South Sudanese rebel leader Riek Machar returned to the capital of the world’s newest nation to rejoin the government and end a two-year civil war. An economic crisis caused by the conflict and a plunge in oil prices could derail everything.
The government is almost bankrupt due to sliding crude revenue, while inflation in the city, Juba, is raging at more than 240 percent and millions of people face starvation. If the state can’t find the cash to pay the thousands of government soldiers and rebel fighters, violence could flare again.
“Power-sharing needs a rapidly expanding budget,” Alex de Waal, executive director of the World Peace Foundation at Tufts University, Massachusetts, said in a interview in Ethiopia’s capital, Addis Ababa. “The same formula is unworkable at a time of extreme austerity.”
Tens of thousands of people have been killed and more than 2 million have fled their homes since the war began. Repeated regional efforts to broker peace finally led to an August agreement between Machar and President Salva Kiir to form a transitional administration to prepare the country for elections within 30 months.
Machar took an oath to resume the vice presidency on Tuesday before members of his group assume 10 of the 30 ministerial positions. Parliament will be expanded to 400 lawmakers by adding 50 Machar allies and 18 from other factions, with the new administration set to review the constitution and military, and improve economic management.
The government, which relies on oil for almost all its revenue, has seen crude production fall by at least a third to 160,000 barrels per day since the war began. The slump in global oil prices and the fees South Sudan pays neighboring Sudan for its transfer by pipeline mean Juba may be earning just $5 per barrel, according to Luke Patey, a researcher at the Danish Institute for International Studies in Copenhagen.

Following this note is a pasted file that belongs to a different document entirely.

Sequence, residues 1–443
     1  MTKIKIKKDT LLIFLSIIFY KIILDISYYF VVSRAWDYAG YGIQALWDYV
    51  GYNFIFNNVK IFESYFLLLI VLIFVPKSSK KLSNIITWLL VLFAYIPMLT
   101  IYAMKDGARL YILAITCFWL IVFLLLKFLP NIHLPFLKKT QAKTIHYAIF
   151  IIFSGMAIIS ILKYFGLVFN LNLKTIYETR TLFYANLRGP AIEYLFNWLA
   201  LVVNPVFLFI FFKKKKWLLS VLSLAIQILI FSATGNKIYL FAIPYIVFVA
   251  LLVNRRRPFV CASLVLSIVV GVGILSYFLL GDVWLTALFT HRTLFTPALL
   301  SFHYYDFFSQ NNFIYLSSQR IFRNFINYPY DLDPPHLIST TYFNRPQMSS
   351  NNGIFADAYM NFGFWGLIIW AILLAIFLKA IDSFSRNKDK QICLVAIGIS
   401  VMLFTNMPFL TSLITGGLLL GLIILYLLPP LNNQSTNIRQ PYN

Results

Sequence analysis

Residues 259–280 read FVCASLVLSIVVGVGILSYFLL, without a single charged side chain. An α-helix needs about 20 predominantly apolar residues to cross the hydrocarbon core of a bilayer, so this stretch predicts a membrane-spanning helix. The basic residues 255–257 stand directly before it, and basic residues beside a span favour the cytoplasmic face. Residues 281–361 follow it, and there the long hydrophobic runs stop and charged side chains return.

The government “will have a more difficult time paying its army plus the militias integrated from the opposition,” he said by e-mail. “This alone may not spark a renewed conflict, but it does not bode well for stability as fighters on both sides expect a peace dividend.”
The transitional government’s success will depend on its approach to the economic crisis, according to Marial Awou Yol, dean of the College of Social and Economic Studies at Juba University.
Kiir and Machar need to agree on a budget that cuts government spending and imposes fiscal discipline, he said in an April 15 interview. “If they work together, put forward a constructive economic plan, they can move the country out of the crisis it is in.”
Machar was fired as vice president in July 2013 and announced he would challenge Kiir for the presidency. That split the ruling party, leading to fighting within the army that evolved into civil war. Some clashes were between the nation’s two most populous ethnic groups — the Dinka, to which Kiir belongs, and Machar’s Nuer.
Rebel fighters began returning to Juba in March and number about 1,370, while the government said last week it withdrew all but 3,300 soldiers to sites about 25 kilometers (15.5 miles) from the city. A neutral force should be securing Juba during the transition rather than the former warring parties, according to De Waal.
“Remilitarizing Juba — having the armed forces of the two contending parties in the city — is insane,” he said.
A decree by Kiir to increase the number of regional states from 10 to 28 changes the power-sharing allocations, which was based on the original number of regions. Rebels say the regional structure must be renegotiated for the transition to be successful.
Another sticking point could be the continued rejection by Kiir loyalists of Machar’s presidential ambitions, according to Harry Verhoeven, who teaches African politics at Georgetown University’s School of Foreign Service in Qatar.
“Machar wants to become president and lots of people will never accept that,” he said in an interview.